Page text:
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Conference seminars spell out dangers of bad business.

The second day of THE Conference featured focussed business seminars covering subjects from credit control to online trading.

Merchants are losing large sums of money by neglecting their credit control systems, according to BMF management tutor Ian Moody.

During his seminar session at the Conference today, Moody explained that most credit controllers don’t know the importance of their job and that many feel demotivated because of it. He also explained that many do not understand basic business.

Moody went on to tell delegates that many merchants aren’t using legislation such as the Late Payments Act 1998 to chase difficult customers.

“The Late Payments Act 1998 is hardly used at all, only 15% of SMEs use it,” he said. “One of the reasons they don’t use it is because it’s very difficult to implement. After a 2002 amendment the act was relevant to all businesses but it still did not pick up. It allows you to say ‘if you don’t pay me on time I’ll charge you interest on the original price’.”

Moody explained that it would be wise to put the late payments act in the terms of conditions of customer contracts and to add it to existing contracts, they would have to be re-drafted and signed: “I would always recommend you put it into your terms and conditions. It’s a simple statement you need to make, you don’t have to quote the Act extensively.”

At the other business sessions, Jamie Dixon of G-Forces showed merchants how easy it was to set up a transactional website by creating one for Simon Blaxill there and then. The Construction Product Association’s John Tebbitt looked at the zero carbon housing targets and the questions merchants can expect to hear from their customers in the near future.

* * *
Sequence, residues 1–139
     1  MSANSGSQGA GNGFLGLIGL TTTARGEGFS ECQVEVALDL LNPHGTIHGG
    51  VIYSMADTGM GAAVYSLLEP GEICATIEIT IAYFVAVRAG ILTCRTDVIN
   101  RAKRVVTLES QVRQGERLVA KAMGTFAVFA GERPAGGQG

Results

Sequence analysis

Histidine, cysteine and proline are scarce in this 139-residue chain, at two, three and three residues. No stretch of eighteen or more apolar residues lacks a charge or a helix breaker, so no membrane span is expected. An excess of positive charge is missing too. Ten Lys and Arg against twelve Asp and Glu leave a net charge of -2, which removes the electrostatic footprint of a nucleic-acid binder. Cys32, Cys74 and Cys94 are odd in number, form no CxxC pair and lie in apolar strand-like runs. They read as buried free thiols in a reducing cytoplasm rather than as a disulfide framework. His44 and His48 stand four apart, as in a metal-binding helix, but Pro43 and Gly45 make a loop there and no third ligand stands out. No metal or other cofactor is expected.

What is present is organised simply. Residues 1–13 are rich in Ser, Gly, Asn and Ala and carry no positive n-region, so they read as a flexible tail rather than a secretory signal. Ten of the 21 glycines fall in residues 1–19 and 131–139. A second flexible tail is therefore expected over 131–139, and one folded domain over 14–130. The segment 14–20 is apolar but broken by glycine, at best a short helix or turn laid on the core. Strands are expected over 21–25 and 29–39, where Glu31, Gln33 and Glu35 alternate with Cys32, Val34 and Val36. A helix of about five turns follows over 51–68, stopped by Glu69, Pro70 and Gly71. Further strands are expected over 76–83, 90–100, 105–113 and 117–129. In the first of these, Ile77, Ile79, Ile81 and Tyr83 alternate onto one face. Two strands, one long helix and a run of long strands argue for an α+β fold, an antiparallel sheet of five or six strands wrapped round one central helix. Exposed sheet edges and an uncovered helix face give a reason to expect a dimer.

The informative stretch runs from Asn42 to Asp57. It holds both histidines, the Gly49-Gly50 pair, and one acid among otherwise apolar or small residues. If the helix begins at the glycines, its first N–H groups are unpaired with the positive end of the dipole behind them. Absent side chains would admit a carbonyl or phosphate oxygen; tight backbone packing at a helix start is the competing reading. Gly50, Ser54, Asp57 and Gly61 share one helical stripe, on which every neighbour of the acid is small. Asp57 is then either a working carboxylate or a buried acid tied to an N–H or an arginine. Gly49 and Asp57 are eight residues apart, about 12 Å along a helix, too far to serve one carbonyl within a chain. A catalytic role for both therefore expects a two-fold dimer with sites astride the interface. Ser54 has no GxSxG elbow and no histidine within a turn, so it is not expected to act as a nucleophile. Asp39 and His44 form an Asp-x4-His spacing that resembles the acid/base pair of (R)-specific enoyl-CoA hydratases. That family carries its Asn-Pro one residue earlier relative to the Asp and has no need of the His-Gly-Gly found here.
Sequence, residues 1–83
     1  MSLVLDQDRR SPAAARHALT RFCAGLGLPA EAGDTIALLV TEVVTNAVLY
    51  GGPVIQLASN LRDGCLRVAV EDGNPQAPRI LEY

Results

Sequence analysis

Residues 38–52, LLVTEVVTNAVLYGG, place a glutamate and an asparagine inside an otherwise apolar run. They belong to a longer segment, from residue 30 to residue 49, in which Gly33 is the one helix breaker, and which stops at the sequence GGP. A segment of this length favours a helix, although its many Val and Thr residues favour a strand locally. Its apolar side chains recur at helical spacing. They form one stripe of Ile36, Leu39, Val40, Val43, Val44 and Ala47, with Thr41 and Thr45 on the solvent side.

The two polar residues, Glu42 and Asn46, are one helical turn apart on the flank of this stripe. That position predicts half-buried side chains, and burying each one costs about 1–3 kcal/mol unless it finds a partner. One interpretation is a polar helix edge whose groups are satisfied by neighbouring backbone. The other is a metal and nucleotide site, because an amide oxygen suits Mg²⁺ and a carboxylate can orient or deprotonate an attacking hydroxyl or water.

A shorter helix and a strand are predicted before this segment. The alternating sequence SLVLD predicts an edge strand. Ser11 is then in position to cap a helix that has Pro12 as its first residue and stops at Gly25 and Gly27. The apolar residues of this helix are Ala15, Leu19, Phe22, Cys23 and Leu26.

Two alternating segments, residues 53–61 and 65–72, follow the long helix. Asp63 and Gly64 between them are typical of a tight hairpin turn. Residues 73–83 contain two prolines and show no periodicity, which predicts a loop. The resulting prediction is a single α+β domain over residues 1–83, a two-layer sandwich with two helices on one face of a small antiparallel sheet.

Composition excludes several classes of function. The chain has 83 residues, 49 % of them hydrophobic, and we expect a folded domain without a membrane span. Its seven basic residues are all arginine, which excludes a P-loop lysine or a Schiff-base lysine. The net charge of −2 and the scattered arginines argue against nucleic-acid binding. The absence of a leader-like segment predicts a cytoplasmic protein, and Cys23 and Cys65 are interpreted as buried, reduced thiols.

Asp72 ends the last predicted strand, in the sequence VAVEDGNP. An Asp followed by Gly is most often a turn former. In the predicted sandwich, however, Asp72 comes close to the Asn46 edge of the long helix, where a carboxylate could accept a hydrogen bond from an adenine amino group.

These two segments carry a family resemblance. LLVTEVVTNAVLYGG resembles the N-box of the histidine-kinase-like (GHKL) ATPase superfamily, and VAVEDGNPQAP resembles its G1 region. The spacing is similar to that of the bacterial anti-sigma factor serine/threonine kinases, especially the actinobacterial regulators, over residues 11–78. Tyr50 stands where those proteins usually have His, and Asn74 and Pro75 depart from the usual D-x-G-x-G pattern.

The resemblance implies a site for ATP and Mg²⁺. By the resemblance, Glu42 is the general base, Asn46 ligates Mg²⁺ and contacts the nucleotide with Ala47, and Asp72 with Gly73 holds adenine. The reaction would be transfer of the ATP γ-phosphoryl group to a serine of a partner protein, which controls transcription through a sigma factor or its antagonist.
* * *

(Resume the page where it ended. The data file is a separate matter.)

“The Code for Sustainable Homes covers water use, for example, which will really drive water efficient products,” he said. If you sell plumbing products, people are going to come in and ask you; ‘What’s the flow rate of that shower? What about the flow rate of these taps? What’s the water capacity of that bath?’ If you don’t know you will lose that business.”

He explained that the main area in which there will be a lot of interest will be improvements of the existing stock and that rather than expensive renewable technologies, simple and relatively cheap jobs such as cavity wall and roof insulation will do a lot to improve the carbon rating of a house. He also added however, that many weren’t doing it because of the inertia and hassle they believe it would cause.

Dixon encouraged merchants to take steps to improve this by making things clearer for their customers and streamlining their service when it comes to eco products. He suggested that selling products as bronze, silver or gold upgrade packages would make a big difference. He asked delegates to think about whether they wanted a part of the market or not and if they did, to make sure they took the right steps to improve their offering accordingly.

“It’s going to happen and the question is whether it’s going to happen with you or without you…you can use industry KPIs to see how well you are doing compared to everyone else, it would be really useful, as even though your perception is that you are ahead of the game, it may turn out you have some catching up to do.”

THE Conference is an all-industry event, owned and organised by BMF, BMJ, NMBS and Unimer.

Editor’s blog, click here

About Fiona Russell-Horne

Fiona Russell-Horne
Group Managing Editor across the BMJ portfolio.

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